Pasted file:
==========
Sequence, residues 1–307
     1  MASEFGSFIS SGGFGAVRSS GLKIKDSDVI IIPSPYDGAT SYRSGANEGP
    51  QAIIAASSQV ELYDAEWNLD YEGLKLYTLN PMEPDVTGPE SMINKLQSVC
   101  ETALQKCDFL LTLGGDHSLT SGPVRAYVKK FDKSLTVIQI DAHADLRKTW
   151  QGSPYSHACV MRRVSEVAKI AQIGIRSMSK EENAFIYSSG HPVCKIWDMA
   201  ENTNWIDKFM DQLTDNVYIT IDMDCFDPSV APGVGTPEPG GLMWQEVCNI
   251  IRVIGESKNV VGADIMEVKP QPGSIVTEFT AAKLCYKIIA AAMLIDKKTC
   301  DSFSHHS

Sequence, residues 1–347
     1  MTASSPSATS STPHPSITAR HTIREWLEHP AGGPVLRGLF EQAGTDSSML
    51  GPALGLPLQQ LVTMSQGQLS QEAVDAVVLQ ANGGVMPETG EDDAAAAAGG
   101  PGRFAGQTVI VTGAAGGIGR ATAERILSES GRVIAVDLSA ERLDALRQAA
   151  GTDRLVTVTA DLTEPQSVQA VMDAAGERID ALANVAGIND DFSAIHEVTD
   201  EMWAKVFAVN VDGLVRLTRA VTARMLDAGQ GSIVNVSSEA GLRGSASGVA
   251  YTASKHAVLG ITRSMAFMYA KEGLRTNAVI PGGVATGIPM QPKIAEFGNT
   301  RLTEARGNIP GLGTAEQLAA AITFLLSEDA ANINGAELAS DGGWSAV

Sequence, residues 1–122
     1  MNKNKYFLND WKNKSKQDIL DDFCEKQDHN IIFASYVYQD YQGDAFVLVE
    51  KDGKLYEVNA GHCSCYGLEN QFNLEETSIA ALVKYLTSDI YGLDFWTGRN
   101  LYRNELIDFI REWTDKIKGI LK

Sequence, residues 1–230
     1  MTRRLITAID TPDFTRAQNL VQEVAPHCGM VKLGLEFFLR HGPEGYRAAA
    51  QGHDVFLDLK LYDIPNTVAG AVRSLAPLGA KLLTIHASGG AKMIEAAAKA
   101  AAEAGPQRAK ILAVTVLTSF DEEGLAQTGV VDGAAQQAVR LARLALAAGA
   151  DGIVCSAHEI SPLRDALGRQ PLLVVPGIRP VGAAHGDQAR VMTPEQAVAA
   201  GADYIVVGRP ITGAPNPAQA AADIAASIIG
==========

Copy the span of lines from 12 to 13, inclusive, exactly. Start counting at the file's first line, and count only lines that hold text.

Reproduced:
   101  PGRFAGQTVI VTGAAGGIGR ATAERILSES GRVIAVDLSA ERLDALRQAA
   151  GTDRLVTVTA DLTEPQSVQA VMDAAGERID ALANVAGIND DFSAIHEVTD